Another perhaps more elegant way to stabilize the propagation of plasmids, is to destroy the function of an essential gene on the chromosome and place this gene on the plasmid carrying the target genes. This approach requires a strategy to generate competent cells of the now auxotrophic strain. One of the first methods for commercial use was the valS-system . The wild-type gene for valyl-tRNA synthetase (valS) of the host carries a temperature-sensitive mutation, whereas the gene without mutation is placed on a plasmid. For transformation the host is grown at 30°C. During cultivations at 37°C the mutated synthetase on the chromosome loses its function and only cells carrying the valS-harboring plasmid can survive and grow. However, the valS gene is still around on the chromosome and the selection pressure favors a recombination of the mutated valS on the chromosome and the wild type valS on the plasmid. Such a recombination produces revertants with no selection pressure by valS and leads to plasmid instability. One way to reduce the probability of recombination is the complete knockout of the chromosomal gene. In the case of valS this would not allow to obtain viable cells for transformation and, therefore, would not be practicable.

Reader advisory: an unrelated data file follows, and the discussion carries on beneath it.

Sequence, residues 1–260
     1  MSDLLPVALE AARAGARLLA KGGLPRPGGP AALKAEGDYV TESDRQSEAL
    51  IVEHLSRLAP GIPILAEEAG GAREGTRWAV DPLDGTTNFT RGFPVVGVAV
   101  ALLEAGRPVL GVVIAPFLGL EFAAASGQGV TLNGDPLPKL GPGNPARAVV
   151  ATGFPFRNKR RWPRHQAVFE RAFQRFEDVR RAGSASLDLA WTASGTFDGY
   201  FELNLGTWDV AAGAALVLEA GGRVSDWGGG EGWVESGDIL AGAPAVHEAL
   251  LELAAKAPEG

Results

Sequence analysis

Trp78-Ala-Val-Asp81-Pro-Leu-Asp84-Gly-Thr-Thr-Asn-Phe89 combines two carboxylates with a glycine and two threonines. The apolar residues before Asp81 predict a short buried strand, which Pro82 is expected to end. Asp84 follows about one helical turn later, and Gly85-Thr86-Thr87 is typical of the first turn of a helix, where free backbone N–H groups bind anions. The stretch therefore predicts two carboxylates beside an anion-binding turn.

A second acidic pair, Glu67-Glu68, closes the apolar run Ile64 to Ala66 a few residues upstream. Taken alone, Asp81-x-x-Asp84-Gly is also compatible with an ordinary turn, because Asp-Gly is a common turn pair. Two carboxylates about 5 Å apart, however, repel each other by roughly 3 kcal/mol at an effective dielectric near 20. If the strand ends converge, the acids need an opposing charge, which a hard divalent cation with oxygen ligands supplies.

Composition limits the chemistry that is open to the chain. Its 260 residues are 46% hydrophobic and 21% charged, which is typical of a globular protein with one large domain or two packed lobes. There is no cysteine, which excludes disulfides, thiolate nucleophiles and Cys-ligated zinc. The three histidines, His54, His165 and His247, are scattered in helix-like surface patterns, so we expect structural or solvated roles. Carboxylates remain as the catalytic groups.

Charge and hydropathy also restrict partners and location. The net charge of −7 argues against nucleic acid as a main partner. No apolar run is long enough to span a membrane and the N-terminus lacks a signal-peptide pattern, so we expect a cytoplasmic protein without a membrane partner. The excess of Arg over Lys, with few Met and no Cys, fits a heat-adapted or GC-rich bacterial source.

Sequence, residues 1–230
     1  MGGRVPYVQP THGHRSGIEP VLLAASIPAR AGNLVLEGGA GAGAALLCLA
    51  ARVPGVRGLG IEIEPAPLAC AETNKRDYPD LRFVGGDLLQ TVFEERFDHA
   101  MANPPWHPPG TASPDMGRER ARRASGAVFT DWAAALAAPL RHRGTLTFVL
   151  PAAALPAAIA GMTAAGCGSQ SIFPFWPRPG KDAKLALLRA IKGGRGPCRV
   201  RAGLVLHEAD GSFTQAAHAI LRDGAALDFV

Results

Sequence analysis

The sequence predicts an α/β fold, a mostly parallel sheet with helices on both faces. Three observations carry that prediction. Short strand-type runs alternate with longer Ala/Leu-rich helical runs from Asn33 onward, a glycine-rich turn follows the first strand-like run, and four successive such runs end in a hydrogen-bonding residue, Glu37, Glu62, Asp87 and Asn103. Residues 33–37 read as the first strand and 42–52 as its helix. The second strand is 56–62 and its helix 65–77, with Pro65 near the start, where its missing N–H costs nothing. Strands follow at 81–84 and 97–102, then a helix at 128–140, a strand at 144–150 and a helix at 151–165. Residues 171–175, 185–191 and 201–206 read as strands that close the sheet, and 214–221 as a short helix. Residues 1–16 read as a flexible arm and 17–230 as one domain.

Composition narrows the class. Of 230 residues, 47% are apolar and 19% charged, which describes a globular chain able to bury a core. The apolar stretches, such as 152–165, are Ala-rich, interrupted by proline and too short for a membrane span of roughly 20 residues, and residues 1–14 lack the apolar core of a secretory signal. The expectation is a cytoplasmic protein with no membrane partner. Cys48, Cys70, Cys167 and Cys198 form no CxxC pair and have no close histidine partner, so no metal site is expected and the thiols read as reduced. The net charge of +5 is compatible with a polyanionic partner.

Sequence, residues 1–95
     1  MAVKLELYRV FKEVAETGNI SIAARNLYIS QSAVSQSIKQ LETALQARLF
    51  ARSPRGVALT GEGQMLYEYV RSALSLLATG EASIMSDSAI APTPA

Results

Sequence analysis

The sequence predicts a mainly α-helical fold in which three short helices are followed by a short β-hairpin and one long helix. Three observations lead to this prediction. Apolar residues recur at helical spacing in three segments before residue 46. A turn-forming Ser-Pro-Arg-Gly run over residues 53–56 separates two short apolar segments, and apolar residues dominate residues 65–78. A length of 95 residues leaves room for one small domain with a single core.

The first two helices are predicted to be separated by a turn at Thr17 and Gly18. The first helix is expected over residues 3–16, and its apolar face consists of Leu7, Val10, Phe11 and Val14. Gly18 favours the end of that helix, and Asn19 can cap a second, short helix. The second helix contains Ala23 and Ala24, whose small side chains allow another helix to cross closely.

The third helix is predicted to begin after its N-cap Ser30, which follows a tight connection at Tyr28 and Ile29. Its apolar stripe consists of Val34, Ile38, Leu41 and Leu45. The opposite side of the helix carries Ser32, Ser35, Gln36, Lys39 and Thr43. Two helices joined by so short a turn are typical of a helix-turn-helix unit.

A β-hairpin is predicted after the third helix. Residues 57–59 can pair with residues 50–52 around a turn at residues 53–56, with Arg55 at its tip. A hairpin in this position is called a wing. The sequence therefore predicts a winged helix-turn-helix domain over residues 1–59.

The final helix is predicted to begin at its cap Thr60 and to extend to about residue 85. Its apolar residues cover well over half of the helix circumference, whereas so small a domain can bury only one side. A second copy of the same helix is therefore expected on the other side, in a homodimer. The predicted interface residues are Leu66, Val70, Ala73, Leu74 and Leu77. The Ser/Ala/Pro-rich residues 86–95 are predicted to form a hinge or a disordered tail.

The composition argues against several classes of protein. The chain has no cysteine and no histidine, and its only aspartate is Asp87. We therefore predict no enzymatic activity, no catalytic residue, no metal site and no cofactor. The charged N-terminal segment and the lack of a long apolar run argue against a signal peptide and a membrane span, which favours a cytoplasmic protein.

The Operator-Repressor-Titration (ORT) strategy is based on negative regulation of an essential chromosomal gene by an operator sequence allowing the binding of a constitutively expressed repressor protein. In order to allow expression of the essential gene and survive, the cell has to titrate the repressor molecules against a similar operator sequence that may be present in multiple copies on the target plasmid to be maintained . The essential function complementation strategy could also be effective at the RNA level. Recently, an amber nonsense mutation introduced into the essential thyA gene in the chromosome causing thymidine auxotrophy, was overcome by recombinant plasmids carrying a suppressor tRNA, which allowed antibiotic-free plasmid selection and also recombinant luciferase reporter expression in eukaryotic tissues and in tumour cells . The fabI - triclosan system, which is an essential gene- gene product inhibitor combination, was a completely different alternative plasmid selection concept. However, the risks associated with the biocide triclosan, the requirement of the selection agent due to an addictive effect, the need to induce and over-express the essential gene marker and plasmid instability in absence of selection were also noted . Another example of antibiotic-free plasmid selection is the strategy involving the essential infA gene coding for translation initiation factor .